If you create a file here, you can immediately see it in the Jupyter Notebook you opened earlier as well. Conversely, changes made to files in Jupyter Notebook can also be checked right from the terminal. This is because they are using the same files in the same compute session.
In addition, you can use web-based services such as TensorBoard, Jupyter Lab, etc., depending on the type of services provided by the compute session.
To delete a specific session, tap the red trash icon. Since the data in the folder inside the compute session is deleted as soon as the compute session ends, it is recommended that you move the data to the mounted folder or upload it to the folder from the beginning if you want to keep it.
Advanced Web Terminal Usage¶
The web-based terminal we used above internally embed a utility called tmux. tmux is a terminal multiplexer that supports to open multiple shell windows within a single shell, so as to allow multiple programs to run in foreground simultaneously. If you want to take advantage of more powerful tmux features, you can refer to the official tmux documentation and other usage examples on the Internet.
Here we are introducing some simple but useful features.
Copy terminal contents¶
tmux offers a number of useful features, but it’s a bit confusing for first-time
users. In particular, tmux has its own clipboard buffer, so when copying the
contents of the terminal, you can suffer from the fact that it can be pasted
only within tmux by default. Furthermore, it is difficult to expose user
system’s clipboard to tmux inside web browser, so when using tmux, the terminal
contents cannot be copied and pasted to other programs of user’s computer. The
Ctrl-V is not working.
If you need to copy and paste the terminal contents to your system’s clipboard,
you can temporarily turn off tmux’s mouse support. First, press
to enter tmux control mode. Then type
:set -g mouse off and press
(note that you have to type the first colon as well). You can check what you are
typing in the status bar at the bottom of the screen. Then drag the desired text
from the terminal with the mouse and press the
Cmd-C (in Mac)
to copy them to the clipboard of the user’s computer.
With mouse support turned off, you cannot scroll through the mouse wheel to see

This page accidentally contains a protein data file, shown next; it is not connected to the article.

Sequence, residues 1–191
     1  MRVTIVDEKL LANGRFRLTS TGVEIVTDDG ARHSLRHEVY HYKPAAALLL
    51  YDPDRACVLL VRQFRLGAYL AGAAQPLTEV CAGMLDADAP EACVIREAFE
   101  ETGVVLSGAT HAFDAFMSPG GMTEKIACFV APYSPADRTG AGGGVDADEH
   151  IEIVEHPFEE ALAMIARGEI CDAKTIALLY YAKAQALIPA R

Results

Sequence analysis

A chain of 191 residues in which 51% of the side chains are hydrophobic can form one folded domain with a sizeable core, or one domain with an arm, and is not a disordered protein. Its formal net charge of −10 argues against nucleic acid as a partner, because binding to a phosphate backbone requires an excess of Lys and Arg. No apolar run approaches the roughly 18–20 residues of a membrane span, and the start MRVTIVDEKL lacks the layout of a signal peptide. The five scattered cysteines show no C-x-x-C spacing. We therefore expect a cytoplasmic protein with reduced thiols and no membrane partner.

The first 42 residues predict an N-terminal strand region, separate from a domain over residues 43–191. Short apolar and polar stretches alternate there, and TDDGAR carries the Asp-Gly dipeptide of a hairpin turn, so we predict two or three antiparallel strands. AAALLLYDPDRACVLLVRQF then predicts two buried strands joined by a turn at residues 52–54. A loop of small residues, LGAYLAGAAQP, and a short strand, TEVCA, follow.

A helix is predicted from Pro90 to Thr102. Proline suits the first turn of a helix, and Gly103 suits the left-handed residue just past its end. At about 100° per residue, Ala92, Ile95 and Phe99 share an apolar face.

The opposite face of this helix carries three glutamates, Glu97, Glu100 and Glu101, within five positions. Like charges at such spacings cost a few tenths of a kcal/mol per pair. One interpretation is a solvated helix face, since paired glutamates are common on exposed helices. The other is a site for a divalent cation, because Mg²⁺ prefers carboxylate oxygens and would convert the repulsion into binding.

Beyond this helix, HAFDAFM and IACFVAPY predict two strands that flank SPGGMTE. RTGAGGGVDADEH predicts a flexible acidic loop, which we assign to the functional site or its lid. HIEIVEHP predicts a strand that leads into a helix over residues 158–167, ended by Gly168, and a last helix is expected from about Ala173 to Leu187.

the contents of the previous page from the terminal. In this case, you can turn
on mouse support again. Press
Ctrl-B, and this time, type
:set -g mouse
on. Now you can scroll mouse wheel to see the contents of the previous page.
If you remember
:set -g mouse off or
:set -g mouse on after
you can use the web terminal more conveniently.
Ctrl-B is tmux’s default control mode key. If you set another control key
.tmux.conf in user home directory, you should press the set
key combination instead of
Checking the terminal history using keyboard¶
There is also a way to copy the terminal contents and check the previous
contents of the terminal simultaneously. It is to check the previous contents
using the keyboard. Again, click
Ctrl-B first, and then press the
Page Down keys. You can see that you navigate through the
terminal’s history with just keyboard. To exit search mode, just press the
key. With this method, you can check the contents of the terminal history even
when the mouse support is turned off to allow copy and paste.
Spawn multiple shells¶
The main advantage of tmux is that you can launch and use multiple shells in one
terminal window. Since seeing is believing, let’s press the
Ctrl-B key and
c. You can see that the contents of the existing window disappeared
and a new shell environment appeared. Then, did the previous window terminated?
It’s not like that. Let’s press
Ctrl-B and then
w. You can now see the
list of shells currently open on tmux like following image. Here, the shell
0: is the shell environment you first saw, and the shell
1: is the one you just created. You can move between shells
using the up/down keys. Place the cursor on the shell
0: and press the Enter
key to select it.
You can see the shell environment you saw first appears. In this way, you can
use multiple shell environments within a web terminal. To exit or terminate the
current shell, just enter
exit command or press
Ctrl-B x key and then
Ctrl-B c: create a new tmux shell
Ctrl-B w: query current tmux shells and move around among them
Ctrl-B x: terminate the current shell
Combining the above commands allows you to perform various tasks simultaneously on multiple shells.